SLB 14I Discourages Shareholder Proposals

SLB 14I (CF) – SRI Conference: 1st Impression

SLB 14I (CF): Issued During 28th Annual SRI Conference

The latest SEC Staff Legal Bulletin, SLB 14I (CF), was issued on November 1, while 800 attended the 28th Annual SRI Conference in San Diego. I was flipping though the agenda when I got an email from a Bloomberg reporter asking for feedback on SLB 14I, which will further discourage shareholders from submitting proposals, especially those focused on environmental and social issues. It is yet another move against the ability of shareholders to fight for a salubrious environment, while seeking a healthy return.

28th Annual SRI Conference

First, a brief few words about the SRI Conference (), then I will dive into SLB 14I. I should have been attending these conferences for 28 years but they did not seem focused enough on governance issues. Over the years, governance and engagement have become more of an issue for them, while environmental and social issues have become more important to me… a happy convergence.

[I’ll write at least a post or two more about the SRI conference as time allows. (Shareholder proposals are coming due. That is my main focus for a while.)] Just when I thought SRI Conference organizers and I had reached a point of convergence, their focus evolved. This year’s meeting had a lot more focus on educating and equipping registered investment advisors (RIAs)… exactly what pre-conference publicity touted. That make sense for their target audience, I’m not an RIA, so most of that focus was lost on me, although exhibits from Thomson Reuters and MSCI made me think I should become an RIA and join a local practice just to get access to some wonderful tools.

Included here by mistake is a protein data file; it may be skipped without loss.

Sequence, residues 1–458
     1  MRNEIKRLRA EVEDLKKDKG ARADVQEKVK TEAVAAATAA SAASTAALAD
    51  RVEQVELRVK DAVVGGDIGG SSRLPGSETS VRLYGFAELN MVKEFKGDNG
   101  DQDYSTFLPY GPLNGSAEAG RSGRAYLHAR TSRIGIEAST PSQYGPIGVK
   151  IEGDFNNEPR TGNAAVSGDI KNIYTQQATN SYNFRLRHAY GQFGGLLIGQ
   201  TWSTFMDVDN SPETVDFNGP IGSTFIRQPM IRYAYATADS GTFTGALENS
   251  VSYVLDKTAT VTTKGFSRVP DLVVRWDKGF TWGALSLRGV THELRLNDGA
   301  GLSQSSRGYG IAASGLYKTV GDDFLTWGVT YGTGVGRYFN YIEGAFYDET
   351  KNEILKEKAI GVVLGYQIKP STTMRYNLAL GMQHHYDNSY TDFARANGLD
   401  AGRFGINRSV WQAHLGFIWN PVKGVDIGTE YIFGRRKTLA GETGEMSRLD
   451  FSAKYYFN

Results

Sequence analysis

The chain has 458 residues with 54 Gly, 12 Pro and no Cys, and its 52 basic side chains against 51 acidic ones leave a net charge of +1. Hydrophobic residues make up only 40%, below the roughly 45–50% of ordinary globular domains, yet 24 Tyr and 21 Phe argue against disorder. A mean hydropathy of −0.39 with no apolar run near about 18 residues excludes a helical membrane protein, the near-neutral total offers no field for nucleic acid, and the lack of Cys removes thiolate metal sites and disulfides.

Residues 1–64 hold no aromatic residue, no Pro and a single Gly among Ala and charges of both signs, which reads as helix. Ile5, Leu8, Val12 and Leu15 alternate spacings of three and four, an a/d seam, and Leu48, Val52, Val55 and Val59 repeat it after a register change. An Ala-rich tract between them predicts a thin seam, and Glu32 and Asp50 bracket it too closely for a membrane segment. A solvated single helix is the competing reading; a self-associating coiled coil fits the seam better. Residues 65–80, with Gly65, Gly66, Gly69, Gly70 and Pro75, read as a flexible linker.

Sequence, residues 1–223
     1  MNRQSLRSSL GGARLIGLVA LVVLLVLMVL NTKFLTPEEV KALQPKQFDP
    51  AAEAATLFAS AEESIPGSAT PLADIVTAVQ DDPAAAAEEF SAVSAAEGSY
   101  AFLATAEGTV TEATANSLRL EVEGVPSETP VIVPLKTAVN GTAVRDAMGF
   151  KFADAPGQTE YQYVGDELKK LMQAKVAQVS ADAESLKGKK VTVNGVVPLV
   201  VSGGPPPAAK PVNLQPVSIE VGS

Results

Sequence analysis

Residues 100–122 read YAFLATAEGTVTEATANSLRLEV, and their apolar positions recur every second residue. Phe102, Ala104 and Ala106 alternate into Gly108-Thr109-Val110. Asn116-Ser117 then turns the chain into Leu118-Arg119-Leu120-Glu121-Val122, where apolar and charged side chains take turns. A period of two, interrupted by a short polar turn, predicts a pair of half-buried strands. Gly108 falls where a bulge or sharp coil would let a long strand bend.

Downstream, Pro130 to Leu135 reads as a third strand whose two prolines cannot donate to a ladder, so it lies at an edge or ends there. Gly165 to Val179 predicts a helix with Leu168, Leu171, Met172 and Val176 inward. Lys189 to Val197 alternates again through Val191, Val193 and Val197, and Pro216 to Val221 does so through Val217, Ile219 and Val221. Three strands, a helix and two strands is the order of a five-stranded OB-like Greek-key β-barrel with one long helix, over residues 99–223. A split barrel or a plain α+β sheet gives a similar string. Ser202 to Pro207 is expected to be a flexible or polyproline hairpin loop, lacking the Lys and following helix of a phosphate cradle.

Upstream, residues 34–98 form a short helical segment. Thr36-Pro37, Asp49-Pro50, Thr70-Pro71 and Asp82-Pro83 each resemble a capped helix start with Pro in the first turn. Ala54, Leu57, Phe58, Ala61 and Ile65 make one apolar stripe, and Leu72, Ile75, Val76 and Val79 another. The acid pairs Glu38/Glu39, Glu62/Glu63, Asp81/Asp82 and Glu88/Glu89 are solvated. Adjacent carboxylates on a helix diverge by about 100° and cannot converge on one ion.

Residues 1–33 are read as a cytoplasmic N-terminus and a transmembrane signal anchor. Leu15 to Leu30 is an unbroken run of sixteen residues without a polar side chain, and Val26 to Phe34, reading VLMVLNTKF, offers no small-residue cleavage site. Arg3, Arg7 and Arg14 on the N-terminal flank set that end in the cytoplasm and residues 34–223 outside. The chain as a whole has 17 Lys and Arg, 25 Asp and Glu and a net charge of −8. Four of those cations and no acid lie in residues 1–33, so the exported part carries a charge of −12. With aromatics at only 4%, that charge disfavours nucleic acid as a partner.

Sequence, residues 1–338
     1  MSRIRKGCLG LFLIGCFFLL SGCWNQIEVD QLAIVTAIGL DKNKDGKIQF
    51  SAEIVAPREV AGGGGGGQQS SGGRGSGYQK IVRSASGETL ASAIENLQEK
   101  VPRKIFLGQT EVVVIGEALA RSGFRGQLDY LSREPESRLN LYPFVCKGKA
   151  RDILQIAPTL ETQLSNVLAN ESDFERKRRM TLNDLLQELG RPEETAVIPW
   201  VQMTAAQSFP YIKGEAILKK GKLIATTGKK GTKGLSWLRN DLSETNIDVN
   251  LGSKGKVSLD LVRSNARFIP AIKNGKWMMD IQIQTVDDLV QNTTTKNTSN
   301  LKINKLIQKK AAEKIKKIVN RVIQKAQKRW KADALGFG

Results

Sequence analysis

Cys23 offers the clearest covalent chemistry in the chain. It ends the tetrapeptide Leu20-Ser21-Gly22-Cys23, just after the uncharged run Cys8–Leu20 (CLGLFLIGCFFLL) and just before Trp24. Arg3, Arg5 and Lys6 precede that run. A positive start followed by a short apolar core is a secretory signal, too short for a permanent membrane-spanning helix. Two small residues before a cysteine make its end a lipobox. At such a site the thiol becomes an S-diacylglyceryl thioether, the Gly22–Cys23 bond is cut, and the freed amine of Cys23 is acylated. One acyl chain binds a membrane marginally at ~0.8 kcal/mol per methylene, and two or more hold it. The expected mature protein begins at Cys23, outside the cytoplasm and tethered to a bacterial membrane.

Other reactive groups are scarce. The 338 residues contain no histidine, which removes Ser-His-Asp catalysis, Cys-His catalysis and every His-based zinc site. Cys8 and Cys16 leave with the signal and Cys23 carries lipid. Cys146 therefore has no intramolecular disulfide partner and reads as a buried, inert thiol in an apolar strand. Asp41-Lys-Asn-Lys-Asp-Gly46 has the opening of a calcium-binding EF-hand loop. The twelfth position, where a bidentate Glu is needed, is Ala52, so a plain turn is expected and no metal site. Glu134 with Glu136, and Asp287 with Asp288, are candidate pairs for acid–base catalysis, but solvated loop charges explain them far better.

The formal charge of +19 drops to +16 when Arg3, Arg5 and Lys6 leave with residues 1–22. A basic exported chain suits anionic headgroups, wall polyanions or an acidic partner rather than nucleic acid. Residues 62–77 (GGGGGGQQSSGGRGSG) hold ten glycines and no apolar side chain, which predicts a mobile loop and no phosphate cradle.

Additionally, more and more of the panels were focused on impact investing. Apparently, more clients of RIAs believe investing directly in companies or indirectly through mutual funds can’t have the measurable impact they want. In contrast to prior SRI Conferences, there were fewer discussions about proxy proposals, much more about community investment, conversion of conventional farmland to organic, creating an environmentally friendly cruise line and other private placement opportunities.

While I applaud such efforts, I hope we are not giving up on public companies as a means of increasing net wealth and creating a better world. I suspect there are still far more SRI dollars invested in mutual funds than private placements. Maybe next year we will have a few more panels on proxy proposals.

If I do post more about the SRI Conference, I will be sure to include the keyword, Twitter hashtag #AllInForImpact. Despite more focus on office operations, the SRI Conference was great for me… still a highly relevant program for anyone in with ESG concerns and shouldn’t that be everyone?

SLB 14I: Overview